The former south Alabama congressman is now running the University of Alabama System’s governmental affairs operation, but those close to him say he may not be done scratching his political itch. He decided not to run for governor in 2010, and after watching Bentley come out of nowhere, he may now regret it. Bonner has become a regular on the rotary and chamber of commerce speaking circuit.

Strength: His skills as a retail politician are borderline legendary, even Clinton-esque.
Weakness: By 2018, he will have been out of office and out of the minds of voters for over five years.

Young Boozer

The low-key, but well-liked state treasurer has the best accidental rapper’s name in Alabama political history. He raised some eyebrows at this year’s inauguration festivities by rattling off the names of all 67 Alabama counties in alphabetical order — by memory.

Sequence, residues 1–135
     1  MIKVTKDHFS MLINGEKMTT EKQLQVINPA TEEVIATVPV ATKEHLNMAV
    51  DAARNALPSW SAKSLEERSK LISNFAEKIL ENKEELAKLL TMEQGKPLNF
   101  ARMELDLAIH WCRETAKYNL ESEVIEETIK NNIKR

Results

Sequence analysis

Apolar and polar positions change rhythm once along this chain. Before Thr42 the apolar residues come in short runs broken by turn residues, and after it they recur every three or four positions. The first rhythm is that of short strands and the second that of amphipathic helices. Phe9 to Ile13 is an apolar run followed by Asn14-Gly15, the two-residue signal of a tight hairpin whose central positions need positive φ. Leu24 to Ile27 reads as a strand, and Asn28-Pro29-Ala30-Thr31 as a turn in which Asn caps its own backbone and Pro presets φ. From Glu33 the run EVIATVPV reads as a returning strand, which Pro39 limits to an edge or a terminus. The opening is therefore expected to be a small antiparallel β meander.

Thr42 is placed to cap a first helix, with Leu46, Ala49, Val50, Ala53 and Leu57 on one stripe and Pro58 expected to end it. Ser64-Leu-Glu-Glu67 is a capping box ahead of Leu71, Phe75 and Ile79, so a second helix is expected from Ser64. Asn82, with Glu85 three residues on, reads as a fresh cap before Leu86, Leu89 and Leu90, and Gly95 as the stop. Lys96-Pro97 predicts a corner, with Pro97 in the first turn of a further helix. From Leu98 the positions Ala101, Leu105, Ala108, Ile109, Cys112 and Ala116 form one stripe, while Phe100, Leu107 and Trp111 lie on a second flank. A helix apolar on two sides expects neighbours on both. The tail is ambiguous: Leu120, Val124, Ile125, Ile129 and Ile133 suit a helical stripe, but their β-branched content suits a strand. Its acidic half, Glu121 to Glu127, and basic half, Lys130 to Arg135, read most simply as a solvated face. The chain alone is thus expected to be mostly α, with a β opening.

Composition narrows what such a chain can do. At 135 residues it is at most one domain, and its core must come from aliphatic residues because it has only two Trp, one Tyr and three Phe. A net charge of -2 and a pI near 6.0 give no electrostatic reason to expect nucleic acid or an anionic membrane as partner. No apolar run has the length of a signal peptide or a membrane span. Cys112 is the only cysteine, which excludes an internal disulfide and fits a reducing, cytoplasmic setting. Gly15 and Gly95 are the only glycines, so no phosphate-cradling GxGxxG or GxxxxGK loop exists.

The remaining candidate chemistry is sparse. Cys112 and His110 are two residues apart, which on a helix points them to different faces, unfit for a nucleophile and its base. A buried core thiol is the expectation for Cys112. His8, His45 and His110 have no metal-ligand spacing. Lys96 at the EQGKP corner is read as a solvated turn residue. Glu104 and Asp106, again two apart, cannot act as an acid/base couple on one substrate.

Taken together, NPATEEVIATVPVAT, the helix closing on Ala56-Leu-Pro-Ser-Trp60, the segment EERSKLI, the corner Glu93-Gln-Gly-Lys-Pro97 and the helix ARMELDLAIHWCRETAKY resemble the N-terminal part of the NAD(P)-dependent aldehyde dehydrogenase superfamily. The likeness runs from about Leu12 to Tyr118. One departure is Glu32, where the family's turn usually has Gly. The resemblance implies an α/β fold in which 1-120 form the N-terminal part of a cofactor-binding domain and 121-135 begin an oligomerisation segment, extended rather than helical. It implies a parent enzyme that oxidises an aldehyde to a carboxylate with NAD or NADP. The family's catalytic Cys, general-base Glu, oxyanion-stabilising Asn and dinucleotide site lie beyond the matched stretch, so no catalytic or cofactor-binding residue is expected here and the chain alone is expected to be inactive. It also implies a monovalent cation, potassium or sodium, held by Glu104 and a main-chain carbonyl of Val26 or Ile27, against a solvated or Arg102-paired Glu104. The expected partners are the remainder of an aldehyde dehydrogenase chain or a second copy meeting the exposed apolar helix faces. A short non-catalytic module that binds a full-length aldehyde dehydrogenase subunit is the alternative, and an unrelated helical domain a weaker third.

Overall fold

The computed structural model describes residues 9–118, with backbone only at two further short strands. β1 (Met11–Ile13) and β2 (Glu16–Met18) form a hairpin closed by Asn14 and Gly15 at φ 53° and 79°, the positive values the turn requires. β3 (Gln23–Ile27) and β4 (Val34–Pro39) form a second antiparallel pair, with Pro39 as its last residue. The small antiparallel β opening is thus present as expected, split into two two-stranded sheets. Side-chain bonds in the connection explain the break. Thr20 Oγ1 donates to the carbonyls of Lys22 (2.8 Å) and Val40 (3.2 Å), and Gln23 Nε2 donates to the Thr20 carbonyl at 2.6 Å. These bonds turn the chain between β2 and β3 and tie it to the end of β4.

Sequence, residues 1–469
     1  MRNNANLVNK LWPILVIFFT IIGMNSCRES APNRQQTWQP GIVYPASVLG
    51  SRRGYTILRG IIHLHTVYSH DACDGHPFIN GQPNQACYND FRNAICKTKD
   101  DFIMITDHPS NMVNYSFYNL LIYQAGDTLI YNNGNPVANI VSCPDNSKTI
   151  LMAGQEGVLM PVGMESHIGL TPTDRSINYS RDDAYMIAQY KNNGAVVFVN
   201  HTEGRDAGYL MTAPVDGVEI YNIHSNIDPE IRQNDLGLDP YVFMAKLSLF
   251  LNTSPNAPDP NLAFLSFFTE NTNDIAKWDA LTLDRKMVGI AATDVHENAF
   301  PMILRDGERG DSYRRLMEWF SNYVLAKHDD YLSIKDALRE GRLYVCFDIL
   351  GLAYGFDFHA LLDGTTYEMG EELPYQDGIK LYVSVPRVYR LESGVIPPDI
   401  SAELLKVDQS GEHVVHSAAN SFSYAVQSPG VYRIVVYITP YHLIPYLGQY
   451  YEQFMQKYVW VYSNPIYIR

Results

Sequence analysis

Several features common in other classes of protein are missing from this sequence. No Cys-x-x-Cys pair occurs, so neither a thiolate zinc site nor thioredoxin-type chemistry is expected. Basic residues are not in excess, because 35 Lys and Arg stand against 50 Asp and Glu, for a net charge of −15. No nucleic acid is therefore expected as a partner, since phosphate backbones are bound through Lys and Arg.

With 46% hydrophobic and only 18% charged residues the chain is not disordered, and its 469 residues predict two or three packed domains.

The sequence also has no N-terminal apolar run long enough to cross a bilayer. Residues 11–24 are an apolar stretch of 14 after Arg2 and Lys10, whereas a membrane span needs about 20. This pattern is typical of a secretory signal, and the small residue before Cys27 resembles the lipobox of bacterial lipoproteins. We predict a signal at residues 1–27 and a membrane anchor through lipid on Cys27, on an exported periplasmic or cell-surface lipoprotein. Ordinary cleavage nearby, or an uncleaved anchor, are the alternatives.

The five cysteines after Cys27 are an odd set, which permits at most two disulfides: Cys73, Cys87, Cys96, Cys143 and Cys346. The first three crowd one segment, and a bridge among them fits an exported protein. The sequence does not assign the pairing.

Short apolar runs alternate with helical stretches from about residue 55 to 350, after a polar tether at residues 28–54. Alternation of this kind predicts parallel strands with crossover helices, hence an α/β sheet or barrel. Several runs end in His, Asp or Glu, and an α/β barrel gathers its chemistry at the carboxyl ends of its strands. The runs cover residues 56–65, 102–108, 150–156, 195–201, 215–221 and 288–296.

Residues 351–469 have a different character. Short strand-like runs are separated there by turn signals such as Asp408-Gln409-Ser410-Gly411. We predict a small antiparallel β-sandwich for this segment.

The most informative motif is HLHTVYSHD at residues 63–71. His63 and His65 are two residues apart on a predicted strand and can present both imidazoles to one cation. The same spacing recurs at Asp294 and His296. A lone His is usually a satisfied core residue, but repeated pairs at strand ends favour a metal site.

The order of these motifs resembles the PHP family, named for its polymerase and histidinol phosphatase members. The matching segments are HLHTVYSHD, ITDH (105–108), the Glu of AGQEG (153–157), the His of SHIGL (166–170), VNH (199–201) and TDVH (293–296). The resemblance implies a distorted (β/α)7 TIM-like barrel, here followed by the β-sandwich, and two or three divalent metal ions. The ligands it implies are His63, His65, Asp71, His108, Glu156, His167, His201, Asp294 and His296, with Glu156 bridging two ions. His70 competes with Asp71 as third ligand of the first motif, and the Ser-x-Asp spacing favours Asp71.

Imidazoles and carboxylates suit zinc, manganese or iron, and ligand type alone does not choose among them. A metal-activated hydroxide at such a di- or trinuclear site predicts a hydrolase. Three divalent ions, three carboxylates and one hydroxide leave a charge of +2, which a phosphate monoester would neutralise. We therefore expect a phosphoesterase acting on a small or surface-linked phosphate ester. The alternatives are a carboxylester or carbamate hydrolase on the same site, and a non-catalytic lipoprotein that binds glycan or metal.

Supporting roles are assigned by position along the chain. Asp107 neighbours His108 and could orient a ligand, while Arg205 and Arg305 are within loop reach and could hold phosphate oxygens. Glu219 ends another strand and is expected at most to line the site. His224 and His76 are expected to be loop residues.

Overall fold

Strength: His name is unforgettable and he could self-finance his campaign.
Weakness: May have trouble connecting to average voters.

Will Brooke

The wildly successful Harbert executive ran a spirited but ultimately ill-fated campaign for Congress last year, and those close to him say the loss was particularly difficult because Brooke isn’t accustomed to losing at, well, anything. Don’t be surprised if the former Business Council of Alabama chairman returns for a statewide run in 2018.

Strength: Money, money, money.
Weakness: Congressional campaign was dogged by personal donations he made to Democrats in the past. That will be an issue in any GOP primary.

Rick Burgess

Burgess of Rick & Bubba fame has built an unparalleled level of trust with his army of loyal listeners over the years. He got more politically active in 2014 and was undefeated in the handful of races in which he made an endorsement. Most notably, Burgess is widely credited with playing a major role in Gary Palmer’s unexpected congressional victory. He hasn’t publicly indicated an interest in running for office, but has been a vocal advocate for Christians stepping up and getting more involved.

Strength: Huge trust among evangelicals, which make up a major chunk of Alabama voters.
Weakness: Completely unknown quantity as a candidate.

Bradley Byrne